June 26, 2010
[tweetmeme source=”handresearch” only_single=false] Football has a pedigree dating back to mediaeval England, when villagers hoofed an inflated pig’s bladder around a muddy paddock. Today, though, the 22 football players on the pitch are supported by a ghost squad of scientists drawing on biomechanics, physics, nutrition, psychology and other performance-enhancing disciplines.
The Bangkok Post presents 10 illustrative examples of how science has helped to change football, answer riddles and end hearsay!
THE BANGKOK POST REPORTS:
“DIGITAL FUTURE? – Punters looking for a tip on this year’s World Cup winners might be advised to take a close look at players’ hands. John Manning from Britain’s University of Liverpool suggests there is a link between the lengths of a footballer’s fingers and his ability as a player. Looking at British players, Manning found that the footballing elite had longer ring fingers compared to their index fingers. Manning’s theory is early exposure to testosterone in the womb is a key to heart formation and spatial judgement and finger length, which is why digits can be a telltale, but not a prediction, of prowess.”
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June 17, 2010
[tweetmeme source=”handresearch” only_single=false] In the hours after a baby is born, the baby will have several tests and examinations to check that he is healthy and well. Knowing what the doctors are looking for will put your mind at rest and give you the opportunity to ask any questions you might have. What is included in the ‘new born baby hand test’?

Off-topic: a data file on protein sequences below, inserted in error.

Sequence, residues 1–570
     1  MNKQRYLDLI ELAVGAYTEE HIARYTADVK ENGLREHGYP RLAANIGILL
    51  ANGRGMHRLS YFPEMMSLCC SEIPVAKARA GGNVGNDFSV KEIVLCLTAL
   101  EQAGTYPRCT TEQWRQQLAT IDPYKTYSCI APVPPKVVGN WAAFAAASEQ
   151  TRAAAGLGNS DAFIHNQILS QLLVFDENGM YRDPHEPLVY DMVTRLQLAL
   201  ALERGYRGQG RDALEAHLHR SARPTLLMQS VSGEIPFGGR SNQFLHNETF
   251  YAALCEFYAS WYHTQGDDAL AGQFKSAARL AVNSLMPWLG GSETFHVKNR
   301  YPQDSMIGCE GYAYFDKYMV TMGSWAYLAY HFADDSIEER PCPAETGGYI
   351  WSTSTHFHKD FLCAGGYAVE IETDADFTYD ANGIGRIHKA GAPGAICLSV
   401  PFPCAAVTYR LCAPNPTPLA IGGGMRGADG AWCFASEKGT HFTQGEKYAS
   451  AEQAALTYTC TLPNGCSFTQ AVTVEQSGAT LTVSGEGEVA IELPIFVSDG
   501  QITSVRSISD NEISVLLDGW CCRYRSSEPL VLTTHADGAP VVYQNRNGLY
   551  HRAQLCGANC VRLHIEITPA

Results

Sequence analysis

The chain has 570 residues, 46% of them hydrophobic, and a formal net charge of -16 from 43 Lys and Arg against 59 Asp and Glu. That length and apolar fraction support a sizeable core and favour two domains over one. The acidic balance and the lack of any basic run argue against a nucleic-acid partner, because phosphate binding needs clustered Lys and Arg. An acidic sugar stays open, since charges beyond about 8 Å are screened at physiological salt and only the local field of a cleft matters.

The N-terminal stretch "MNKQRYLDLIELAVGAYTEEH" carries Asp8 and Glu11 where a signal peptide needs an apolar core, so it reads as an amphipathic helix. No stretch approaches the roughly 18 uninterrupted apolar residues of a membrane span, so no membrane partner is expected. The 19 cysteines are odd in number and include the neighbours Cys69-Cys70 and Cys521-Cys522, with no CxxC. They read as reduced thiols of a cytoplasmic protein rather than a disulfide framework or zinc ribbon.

NEW BORN BABY HAND TEST:
“The baby’s arms, hands, legs and feet will be checked. The fingers and toes are counted to make sure they are all there and to check for webbing (syndactyly). The hand palms will be checked for two palmar creases; a single palmar creases (a.k.a. simian line) is less common, however 4 per cent of the population have one palmar crease on one hand and 1 per cent have one palmar crease on both hands. This is sometimes associated with Down’s syndrome but in the unlikely event of your baby being affected there would be other hand signs, such as the ‘high positioned axial triradius’.”
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[tweetmeme source=”handresearch” only_single=false] Samuel Alexander Armas (born December 2, 1999) became known as the child – shown in a famous photograph by Michael Clancy – that grasped his surgeon’s hand from a hole in his mother’s uterus during open fetal surgery for spina bifida.
The true story behind the photo!